Security researchers and security vendors are constantly profiling and blocking the malicious operations launched by organized crime groups on the Internet.

In an attempt to increase the life cycle of their malicious campaigns, cybercriminals rely on a set of domains hosted on bulletproof servers. In addition to this tactic, they also rely on fast-fluxing, a technique where a domain’s IP automatically rotates on a specific time interval, with IPs from the botnet’s infected population — state of the art bulletproof hosting in a combination with cybercrime-friendly domain registrar.

In order to make it even harder for the security community to disrupt their campaigns, cybercriminals also implement the random domain name generation tactic. This makes it more difficult for researchers to assess and shut down their operations, as of all the randomly generated domains initiating “phone home” command and control server communications, only a few will actually respond and will be registered and operated by the cybercriminals behind the campaign.

In this post, I’ll profile a recently launched DIY malicious domain name registering/managing service which makes it easier for cybercriminals to manage their domains portfolios. The service allows them to register randomly generated domains in mass, instantly change IPs and Name Servers, and cross-reference with anti-spam checklists for verification of clean/flagged IPs.

More details:

Sample screenshot of the entry page for the service:


The service allows filtering of the domains database that you registered using the service, including a handy option from a cybercriminal’s perspective to check whether any of the domains has been flagged as malicious by multiple Black Lists.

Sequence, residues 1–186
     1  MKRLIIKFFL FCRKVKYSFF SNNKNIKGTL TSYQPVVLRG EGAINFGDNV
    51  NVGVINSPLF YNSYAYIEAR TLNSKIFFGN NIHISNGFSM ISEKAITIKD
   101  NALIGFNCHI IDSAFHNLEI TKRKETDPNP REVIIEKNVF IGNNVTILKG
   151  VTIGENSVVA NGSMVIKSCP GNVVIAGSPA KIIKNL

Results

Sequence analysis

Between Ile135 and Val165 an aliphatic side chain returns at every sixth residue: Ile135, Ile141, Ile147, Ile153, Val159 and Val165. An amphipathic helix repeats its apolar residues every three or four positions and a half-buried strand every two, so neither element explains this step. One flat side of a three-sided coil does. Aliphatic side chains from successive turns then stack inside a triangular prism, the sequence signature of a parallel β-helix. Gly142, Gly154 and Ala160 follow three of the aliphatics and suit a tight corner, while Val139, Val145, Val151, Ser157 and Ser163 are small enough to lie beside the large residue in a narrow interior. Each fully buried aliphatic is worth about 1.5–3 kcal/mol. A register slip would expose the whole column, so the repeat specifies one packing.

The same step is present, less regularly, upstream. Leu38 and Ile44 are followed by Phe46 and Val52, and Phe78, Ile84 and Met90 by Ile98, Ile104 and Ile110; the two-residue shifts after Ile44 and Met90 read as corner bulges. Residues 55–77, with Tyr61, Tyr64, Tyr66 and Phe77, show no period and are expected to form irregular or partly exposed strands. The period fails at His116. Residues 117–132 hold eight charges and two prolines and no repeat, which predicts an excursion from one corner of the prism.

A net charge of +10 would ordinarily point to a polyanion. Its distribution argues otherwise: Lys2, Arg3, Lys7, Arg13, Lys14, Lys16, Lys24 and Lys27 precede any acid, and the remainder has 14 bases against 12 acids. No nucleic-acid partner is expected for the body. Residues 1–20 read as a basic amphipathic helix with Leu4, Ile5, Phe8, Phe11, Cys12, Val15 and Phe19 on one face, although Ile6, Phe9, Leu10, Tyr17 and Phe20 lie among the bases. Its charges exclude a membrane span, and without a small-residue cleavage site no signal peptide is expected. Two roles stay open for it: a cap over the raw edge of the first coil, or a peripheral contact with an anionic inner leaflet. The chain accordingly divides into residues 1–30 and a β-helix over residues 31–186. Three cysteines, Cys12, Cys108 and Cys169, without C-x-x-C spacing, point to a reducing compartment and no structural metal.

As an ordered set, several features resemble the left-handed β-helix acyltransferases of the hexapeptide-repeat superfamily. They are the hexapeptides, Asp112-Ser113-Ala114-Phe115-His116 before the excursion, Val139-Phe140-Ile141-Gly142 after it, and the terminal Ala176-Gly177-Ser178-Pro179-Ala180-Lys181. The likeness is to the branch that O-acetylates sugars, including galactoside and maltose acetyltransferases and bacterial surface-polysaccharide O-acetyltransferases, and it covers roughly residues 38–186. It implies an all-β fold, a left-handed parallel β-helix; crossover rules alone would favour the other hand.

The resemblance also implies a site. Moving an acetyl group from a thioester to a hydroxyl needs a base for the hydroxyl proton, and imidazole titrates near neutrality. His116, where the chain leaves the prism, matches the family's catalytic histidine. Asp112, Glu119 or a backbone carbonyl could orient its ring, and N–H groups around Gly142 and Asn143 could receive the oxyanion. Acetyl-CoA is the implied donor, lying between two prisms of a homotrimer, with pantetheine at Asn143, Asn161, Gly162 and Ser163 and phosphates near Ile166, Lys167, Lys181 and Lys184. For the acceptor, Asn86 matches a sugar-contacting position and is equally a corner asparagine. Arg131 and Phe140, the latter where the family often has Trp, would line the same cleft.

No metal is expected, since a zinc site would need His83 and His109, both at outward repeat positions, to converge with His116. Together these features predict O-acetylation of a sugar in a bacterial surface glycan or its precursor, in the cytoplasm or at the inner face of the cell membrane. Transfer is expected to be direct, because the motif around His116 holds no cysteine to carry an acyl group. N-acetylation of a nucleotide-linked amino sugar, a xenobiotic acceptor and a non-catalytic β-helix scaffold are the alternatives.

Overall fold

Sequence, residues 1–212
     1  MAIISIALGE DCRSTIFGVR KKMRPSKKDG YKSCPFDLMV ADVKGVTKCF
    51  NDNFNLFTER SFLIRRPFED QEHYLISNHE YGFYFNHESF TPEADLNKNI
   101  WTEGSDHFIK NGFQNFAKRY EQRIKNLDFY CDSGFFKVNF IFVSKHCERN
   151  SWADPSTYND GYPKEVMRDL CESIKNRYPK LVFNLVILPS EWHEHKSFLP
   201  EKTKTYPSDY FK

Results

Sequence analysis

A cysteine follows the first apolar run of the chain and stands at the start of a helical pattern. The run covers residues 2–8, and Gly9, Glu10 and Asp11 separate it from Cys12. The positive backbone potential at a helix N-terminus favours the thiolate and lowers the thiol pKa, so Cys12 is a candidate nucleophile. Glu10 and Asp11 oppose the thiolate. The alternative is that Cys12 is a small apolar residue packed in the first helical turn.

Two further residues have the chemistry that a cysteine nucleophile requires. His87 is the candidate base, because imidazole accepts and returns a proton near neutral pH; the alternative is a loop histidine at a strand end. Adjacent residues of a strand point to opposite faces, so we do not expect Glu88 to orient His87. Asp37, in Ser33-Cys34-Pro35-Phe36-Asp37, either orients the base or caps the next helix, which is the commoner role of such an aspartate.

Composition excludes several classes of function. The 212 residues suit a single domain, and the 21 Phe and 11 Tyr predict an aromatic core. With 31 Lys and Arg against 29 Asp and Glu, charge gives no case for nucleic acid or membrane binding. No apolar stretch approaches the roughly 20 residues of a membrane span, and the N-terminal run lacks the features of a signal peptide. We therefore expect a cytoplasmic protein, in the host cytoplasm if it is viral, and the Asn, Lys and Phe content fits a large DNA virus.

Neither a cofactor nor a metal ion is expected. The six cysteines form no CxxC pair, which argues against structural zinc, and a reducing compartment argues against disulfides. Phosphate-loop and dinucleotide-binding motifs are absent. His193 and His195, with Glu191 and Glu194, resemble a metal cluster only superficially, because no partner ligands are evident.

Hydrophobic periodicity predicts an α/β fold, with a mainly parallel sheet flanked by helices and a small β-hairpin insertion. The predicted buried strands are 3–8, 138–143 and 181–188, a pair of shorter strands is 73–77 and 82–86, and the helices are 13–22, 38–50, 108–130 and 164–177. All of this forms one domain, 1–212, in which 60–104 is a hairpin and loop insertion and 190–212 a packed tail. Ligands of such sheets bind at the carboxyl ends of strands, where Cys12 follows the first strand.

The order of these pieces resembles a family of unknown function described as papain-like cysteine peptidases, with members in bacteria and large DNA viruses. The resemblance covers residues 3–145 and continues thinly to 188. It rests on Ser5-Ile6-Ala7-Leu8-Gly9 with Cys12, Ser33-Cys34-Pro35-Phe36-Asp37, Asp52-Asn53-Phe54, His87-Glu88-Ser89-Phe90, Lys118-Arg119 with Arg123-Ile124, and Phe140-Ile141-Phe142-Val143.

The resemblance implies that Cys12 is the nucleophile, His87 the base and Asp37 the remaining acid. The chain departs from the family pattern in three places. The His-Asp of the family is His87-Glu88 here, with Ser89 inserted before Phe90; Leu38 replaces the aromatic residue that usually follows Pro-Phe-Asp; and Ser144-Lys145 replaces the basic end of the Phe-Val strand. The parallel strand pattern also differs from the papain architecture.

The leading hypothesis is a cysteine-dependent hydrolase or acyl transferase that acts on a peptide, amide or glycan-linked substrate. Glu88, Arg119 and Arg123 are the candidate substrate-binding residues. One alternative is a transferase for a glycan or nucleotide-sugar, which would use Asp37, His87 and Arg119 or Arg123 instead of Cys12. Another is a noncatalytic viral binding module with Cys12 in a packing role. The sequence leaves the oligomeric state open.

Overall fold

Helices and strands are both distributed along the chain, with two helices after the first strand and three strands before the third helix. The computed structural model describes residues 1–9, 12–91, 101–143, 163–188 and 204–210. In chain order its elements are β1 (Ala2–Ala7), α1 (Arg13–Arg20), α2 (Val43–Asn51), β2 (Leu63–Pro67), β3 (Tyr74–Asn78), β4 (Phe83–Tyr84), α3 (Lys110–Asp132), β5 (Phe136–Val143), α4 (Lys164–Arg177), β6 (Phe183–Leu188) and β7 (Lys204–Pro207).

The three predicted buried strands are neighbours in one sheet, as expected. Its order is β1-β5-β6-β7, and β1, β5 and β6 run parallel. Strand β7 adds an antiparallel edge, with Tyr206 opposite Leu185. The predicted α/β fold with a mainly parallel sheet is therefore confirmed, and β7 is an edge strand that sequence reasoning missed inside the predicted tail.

Second screenshot of the service:


Next is the option allowing the cybercriminals to choose their TLD. For the time being, the service offers .in (for $8); .org (for $8); and .pro (for $5), as well as a combination of all of these TLDs.

Third screenshot of the service:


The service successfully generated a bunch of pseudo-random domains to be used in upcoming malicious campaigns.

Sample screenshot of the service in action:


Once the domains have been generated, the service offers an automatic “free domain” verification service, and naturally, all of the pseudo-randomly generated domains are free for registration and abuse:


We’ll continue monitoring the development of this trend, and post updates as soon as new services become available.

You can find more about Dancho Danchev at his LinkedIn Profile. You can also follow him on  Twitter.

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Blog Staff

The Webroot blog offers expert insights and analysis into the latest cybersecurity trends. Whether you’re a home or business user, we’re dedicated to giving you the awareness and knowledge needed to stay ahead of today’s cyber threats.

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